No political party has an absolute right to exist. History is full of movements which have fizzled out or collapsed under unstoppable internal pressures. The risk of a similar fate now hangs over the Labour party.

Last night the party's MPs gathered in Parliament after a long two days of almost continuous shadow cabinet resignations. The committee room was full to bursting with angry MPs waiting to let rip at their leader. Such was the demand to enter that, when Jeremy Corbyn's chief spokesperson Seumas Milne arrived outside, guards told him the room was "too full" for him to be allowed in.

Conditions inside were likened to a "pressure cooker" as MP after MP stood up to attack the man who was elected as their leader just nine months ago. By contrast, only two MPs stood up to defend him. When it finally came to an end, one former shadow cabinet member described it to waiting reporters as a "battle for the soul of the Labour party", while another said it was "heartbreaking," adding: "if he carries on like this he will destroy both the Labour party and the country".

Despite everything, Corbyn's team were defiant.

"Jeremy Corbyn was overwhelmingly elected by an overwhelming majority of the Labour party," his spokesperson insisted.

"He is not going to betray the wishes of those members of the Labour party."

They went on to dismiss the ongoing resignations as "irrelevant".

"There is only one way if people want to change the leadership of the Labour party [to do so].

"That is to stand a candidate, get the nominations and mount a challenge and have an election and Jeremy will be a candidate in that election. So all these resignations are a side issue and a distraction from that point."

A rally of Corbyn's supporters gathered on Parliament Square last night

When Corbyn's spokesman described the attempts to unseat him as "corridor coups," Labour MP John Woodcock, who had been standing listening to the briefing in the corridor, could hold himself back no longer.

"You're the one who's standing in a corridor and briefing from what is meant to be a private meeting guys, so come on," he shouted.

"I think it is extraordinary that you stand and slag us off from a private meeting."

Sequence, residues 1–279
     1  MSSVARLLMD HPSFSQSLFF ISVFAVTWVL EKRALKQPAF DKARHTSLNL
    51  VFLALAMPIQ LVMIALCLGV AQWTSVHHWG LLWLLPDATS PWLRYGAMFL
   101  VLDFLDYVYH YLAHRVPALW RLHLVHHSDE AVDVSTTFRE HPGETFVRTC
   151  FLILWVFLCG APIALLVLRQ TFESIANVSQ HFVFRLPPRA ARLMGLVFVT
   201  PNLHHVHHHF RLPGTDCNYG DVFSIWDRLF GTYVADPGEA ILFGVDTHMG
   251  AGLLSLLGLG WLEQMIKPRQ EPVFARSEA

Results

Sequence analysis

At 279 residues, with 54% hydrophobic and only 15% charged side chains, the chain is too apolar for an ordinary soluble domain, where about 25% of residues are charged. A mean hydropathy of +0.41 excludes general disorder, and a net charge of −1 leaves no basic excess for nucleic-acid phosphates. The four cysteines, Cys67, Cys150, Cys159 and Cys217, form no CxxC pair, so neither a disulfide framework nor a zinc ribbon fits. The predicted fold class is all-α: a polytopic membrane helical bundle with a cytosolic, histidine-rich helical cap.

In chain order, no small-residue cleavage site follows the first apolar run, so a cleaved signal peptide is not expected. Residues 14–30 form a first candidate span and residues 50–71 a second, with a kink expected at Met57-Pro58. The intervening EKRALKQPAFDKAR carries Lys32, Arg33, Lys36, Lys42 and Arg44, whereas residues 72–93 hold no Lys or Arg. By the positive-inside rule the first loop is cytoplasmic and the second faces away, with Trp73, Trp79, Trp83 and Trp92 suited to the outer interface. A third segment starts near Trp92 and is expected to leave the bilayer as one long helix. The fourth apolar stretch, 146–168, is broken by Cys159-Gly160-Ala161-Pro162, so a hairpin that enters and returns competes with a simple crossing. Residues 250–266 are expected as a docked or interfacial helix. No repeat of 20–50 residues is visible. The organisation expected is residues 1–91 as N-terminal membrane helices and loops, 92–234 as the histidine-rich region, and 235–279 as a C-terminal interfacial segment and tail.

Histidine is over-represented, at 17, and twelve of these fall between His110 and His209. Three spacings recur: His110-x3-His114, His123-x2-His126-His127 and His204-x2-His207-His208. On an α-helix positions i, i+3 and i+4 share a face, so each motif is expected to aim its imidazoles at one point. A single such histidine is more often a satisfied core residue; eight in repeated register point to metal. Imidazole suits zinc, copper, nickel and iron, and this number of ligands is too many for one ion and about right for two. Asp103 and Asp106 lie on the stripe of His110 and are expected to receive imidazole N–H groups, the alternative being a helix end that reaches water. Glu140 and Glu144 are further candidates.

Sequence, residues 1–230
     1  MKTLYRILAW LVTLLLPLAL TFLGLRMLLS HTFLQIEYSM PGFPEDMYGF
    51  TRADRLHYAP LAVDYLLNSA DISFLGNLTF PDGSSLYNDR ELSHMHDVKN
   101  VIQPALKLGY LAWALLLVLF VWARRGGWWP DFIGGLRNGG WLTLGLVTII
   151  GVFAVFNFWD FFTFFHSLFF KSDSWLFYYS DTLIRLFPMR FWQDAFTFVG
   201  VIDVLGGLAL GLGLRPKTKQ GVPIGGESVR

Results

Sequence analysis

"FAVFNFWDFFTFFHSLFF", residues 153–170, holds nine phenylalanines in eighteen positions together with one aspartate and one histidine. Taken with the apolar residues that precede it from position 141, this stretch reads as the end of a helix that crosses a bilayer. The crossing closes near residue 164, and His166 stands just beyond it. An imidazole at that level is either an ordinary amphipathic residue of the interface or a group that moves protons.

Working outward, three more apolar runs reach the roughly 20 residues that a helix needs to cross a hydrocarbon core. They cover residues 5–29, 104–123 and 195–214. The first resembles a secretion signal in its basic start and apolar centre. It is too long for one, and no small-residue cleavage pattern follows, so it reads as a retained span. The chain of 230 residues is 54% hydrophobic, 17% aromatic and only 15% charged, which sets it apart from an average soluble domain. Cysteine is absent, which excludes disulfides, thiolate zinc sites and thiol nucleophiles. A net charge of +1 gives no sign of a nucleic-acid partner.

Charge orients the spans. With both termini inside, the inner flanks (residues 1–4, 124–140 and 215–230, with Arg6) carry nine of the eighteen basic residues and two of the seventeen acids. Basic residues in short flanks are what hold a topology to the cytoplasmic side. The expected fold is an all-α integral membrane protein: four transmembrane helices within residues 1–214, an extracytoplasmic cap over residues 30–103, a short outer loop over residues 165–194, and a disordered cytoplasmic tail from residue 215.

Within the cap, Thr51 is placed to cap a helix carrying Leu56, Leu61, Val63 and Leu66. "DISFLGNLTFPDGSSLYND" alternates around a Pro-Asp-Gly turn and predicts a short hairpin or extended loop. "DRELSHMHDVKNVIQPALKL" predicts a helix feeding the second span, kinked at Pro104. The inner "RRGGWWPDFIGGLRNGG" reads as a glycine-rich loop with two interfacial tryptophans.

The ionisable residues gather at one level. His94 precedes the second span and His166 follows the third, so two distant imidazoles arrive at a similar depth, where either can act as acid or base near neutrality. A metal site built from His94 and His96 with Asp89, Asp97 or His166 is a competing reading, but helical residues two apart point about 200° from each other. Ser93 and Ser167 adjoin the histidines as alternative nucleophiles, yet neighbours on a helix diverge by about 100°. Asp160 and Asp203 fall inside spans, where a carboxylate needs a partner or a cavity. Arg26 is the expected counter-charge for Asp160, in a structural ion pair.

Corbyn's spokesman responded by angrily accusing Woodcock and other MPs of briefing the media "every day".

There then ensued an extended row between the two men in which the Labour MP accused Corbyn's team of "spreading lies" about his colleagues.

"I have been serving voters in Barrow and Furness since I have been elected," Woodcock told reporters.

"I work very hard for them. And when unelected people like this come out of the shadows and accuse Labour MPs who are deeply worried about the future of their country, and the Labour party faces an existential threat from the leader that we have, to then be accused [of corridor coups] by Jeremy's unelected officials who apparently never even attended a meeting of the Labour Remain campaign is just too much."

Under historically normal circumstances, any leader of a political party witnessing such open revolt from their own MPs would not be able to survive. However, these are not historically normal circumstances. Corbyn was elected, not by his MPs, but by an expanded and radicalised membership, many of whom hold those MPs in open contempt.

Around 1,500 of his supporters had gathered outside in Parliament Square to lend their support to their embattled leader. Shortly afterwards, Corbyn and his shadow chancellor joined them.

By the time they arrived, there was utter pandemonium on the Square with huge crowds shouting Corbyn's name as he crossed the Square to ascend the fire engine.

Amid chants of "Jez we can", John McDonnell told the crowd that their leader was going nowhere, despite the wishes of "a small number of MPs".

There were loud boos at the mention of Labour MPs, with crowd members holding up placards describing them variously as "traitors," "Bliars" and "Blairite Cuckoos." One woman wore a T-Shirt describing them as "vermin".

Afterwards, as the crowds passed Parliament, there were shouts of "bring out the traitors" directed towards MPs inside. It was clear that the gulf between the leader of the Labour party, his supporters, and his own MPs could not be any greater.

If Labour MPs had any hopes at the weekend that Corbyn could be persuaded to quietly step aside in the interests of the party, those hopes must now surely have faded. If they had any fleeting wish that Corbyn's supporters would turn on him after the failure of his campaign to stay in the EU, those hopes must now be dashed.

The Labour leader, his team, and the thousands of supporters who turned up at short notice to defend him last night, make it clear that any such outcome is vanishingly unlikely. He is here to stay, even if it means the end of the Labour party as we know it.

And that end may well come. If Corbyn continues to ignore the feelings of his own MPs then it could very quickly get to the point where they formally split with the wider party. Mass defections, or even the creation of an entirely new political party, cannot be ruled out. Labour has already effectively died in Scotland. The fallout from the referendum campaign could see it collapse in other parts of the UK as well. Political parties do not have an enduring right to carry on. The Labour party, as a single united political force set up to represent the interests of working people across the country, could very quickly cease to exist.

In any other political period, such thoughts would be easily dismissed. But after the week we've just had, it now feels like almost anything is possible in British politics.

Adam Bienkov is the deputy editor of

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